ARCAD Release Management Fits With UrbanCode DevOps
May 20, 2015 Dan Burger
IBM‘s midrange computers and the applications they run never seem to get the recognition they deserve when it comes to advanced technologies and methodologies. It’s not exactly stealing intellectual property, but it is dishonest to represent “new” ideas as if they were freshly hatched. DevOps is a good example. It’s a hot idea, but it also shares a lot of methodology with the IBM i and its predecessors, the iSeries and AS/400.
At the heart of DevOps is the change process and adding agility and speed to that process.
“It is not new in our field when you think about change management in the IBM i environment. Change management has a lot of DevOps features,” says Philippe Magne, CEO of ARCAD Software, a change management software company with close ties to the IBM i platform. “What’s new is the acceleration of the change process and delivering new releases to the end users.”
The features in change management software (CMS) haven’t changed, but the current DevOps emphasis–some call it a movement–makes better use of change management software. And like CMS, DevOps makes use of a framework and collaborative efforts. It’s fair to say that DevOps takes the technically oriented change management process and introduces it to a wider range of business-oriented workers. More people are participating in the software change cycle. Improvements and enhancements are being continuously tested and put into production. Rather than change as a big bang event, it is incremental, which improve quality and lowers risk.
What brings ARCAD into this discussion is not only what the company has done in the change management arena for many years, but what it is doing now.
The company’s most recent product enhancement is in the release management category–the deployment and transfer of applications from test to reference to production. Automation, security, and repeatability are critical aspects of release management that are built in to the release management software called ARCAD Deliver. It includes traceability from components level to application level as well as a process point of view. The combination of these features allow rollback–the decision to return to the previous stable state of the application the delivery process has to be abandoned for whatever reason.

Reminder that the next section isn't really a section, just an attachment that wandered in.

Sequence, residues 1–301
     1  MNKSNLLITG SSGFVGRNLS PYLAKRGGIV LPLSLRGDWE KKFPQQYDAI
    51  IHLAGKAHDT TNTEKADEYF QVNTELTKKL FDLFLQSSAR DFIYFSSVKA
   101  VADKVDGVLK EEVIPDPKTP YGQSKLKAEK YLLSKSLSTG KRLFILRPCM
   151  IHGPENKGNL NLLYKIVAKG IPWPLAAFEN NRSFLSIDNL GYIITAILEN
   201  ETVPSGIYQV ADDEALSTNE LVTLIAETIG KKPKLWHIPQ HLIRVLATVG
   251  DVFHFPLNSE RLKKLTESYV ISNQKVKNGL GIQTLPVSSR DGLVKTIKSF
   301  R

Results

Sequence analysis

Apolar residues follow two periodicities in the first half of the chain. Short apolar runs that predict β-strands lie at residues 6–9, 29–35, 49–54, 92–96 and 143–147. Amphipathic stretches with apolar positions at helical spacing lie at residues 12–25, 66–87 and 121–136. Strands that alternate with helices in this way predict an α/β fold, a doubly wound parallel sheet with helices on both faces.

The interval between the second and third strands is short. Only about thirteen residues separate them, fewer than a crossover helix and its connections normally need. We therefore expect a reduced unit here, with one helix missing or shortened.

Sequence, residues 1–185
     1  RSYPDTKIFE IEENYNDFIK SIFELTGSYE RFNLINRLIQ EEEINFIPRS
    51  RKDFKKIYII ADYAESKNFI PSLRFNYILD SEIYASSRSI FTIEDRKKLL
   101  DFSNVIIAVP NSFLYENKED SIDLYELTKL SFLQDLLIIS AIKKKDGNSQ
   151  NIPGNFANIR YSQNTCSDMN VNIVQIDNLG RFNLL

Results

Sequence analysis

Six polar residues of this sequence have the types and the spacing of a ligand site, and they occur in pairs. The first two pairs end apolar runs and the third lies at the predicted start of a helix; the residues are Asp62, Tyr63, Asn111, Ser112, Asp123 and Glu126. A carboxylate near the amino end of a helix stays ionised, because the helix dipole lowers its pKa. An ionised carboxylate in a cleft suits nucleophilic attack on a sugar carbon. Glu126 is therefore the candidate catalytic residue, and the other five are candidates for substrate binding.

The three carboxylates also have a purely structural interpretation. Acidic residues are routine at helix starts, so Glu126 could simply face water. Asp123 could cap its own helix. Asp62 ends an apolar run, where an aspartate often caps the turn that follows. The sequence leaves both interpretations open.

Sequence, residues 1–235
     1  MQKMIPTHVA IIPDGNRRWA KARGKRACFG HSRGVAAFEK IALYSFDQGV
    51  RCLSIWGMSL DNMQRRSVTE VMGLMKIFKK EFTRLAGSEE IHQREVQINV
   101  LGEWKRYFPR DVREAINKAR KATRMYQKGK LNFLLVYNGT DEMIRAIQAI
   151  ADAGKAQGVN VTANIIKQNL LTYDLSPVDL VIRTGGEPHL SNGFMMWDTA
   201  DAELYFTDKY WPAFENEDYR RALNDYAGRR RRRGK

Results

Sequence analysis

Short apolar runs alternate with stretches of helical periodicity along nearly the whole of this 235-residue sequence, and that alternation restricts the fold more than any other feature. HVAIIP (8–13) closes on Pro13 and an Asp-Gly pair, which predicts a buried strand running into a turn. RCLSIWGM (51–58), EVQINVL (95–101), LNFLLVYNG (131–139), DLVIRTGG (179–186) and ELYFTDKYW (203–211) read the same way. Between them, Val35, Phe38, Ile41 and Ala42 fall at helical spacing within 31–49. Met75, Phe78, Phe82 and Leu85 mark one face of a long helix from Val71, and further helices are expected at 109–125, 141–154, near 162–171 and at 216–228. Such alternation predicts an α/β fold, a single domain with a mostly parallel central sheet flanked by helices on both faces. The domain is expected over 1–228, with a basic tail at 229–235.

What was missing from the release management process was the integration with IBM’s UrbanCode, a tool for automating application deployments by expediting user feedback and providing audit trails and the approvals process.
UrbanCode supplies the deploy functionality in the IBM DevOps offering, with rapid release for mobile, social, big data, and cloud. Until recently this functionality had been available only on distributed systems and System z. The ARCAD Deliver plugin brings the IBM i-specific technology needed to deploy the many language variants on the platform, manage their dependencies, and check for integrity.
“UrbanCode is being used primarily by large companies,” Magne observes. “They use it to deploy everything from a central point. It provides multi-platform automation in this critical phase. Each system has its own methods and systems for doing change management. RTC is eliminating that problem. It is the central managing point for all sources–from mainframe to IBM i and all the open systems. Large organizations are looking to move to standardized tools and methodologies. It is a strategic move.
“IBM is promoting open systems,” he continues. “Although traditionally open systems have not been of widespread interest in the IBM i community, but now it is a different story because the need is coming from people with the non-IBM i systems.”
According to Magne, there is a shift in the enterprise IT balance of power. Open systems are replacing platform-specific dynamics and control. One of the challenges that IBM faces is to move from designing and marketing proprietary systems to becoming part of a standardized IT environment. Many of the IBM i enhancements (and IBM investments) are done with this in mind.
This highlights one of the differences between DevOps and the traditional insular environments in IBM i environments.
“DevOps practices and tools are now mainstream on the majority of platforms,” Magne says. “They bring a massive advantage in time-to-market and system reliability. The benefits of DevOps go way beyond a simple automation of manual processes–they radically reduce IT cost and risk, and they have a direct impact on the business bottom line.”
Slightly more than four years ago, ARCAD shifted its product road map to closely entwine with IBM Rational Team Concert (RTC) integration. RTC is IBM’s collaborative change management system that emphasizes multi-platform collaboration, and ARCAD is the IBM i piece of that collaboration.
While other change management software vendors continued to compete with IBM and RTC, ARCAD pursued a strategy to surround RTC with additional tools to provide functionality in the areas of build management, deployment and release management, cross-referencing, and impact analysis. ARCAD’s products also integrate with Rational Developer for IBM i.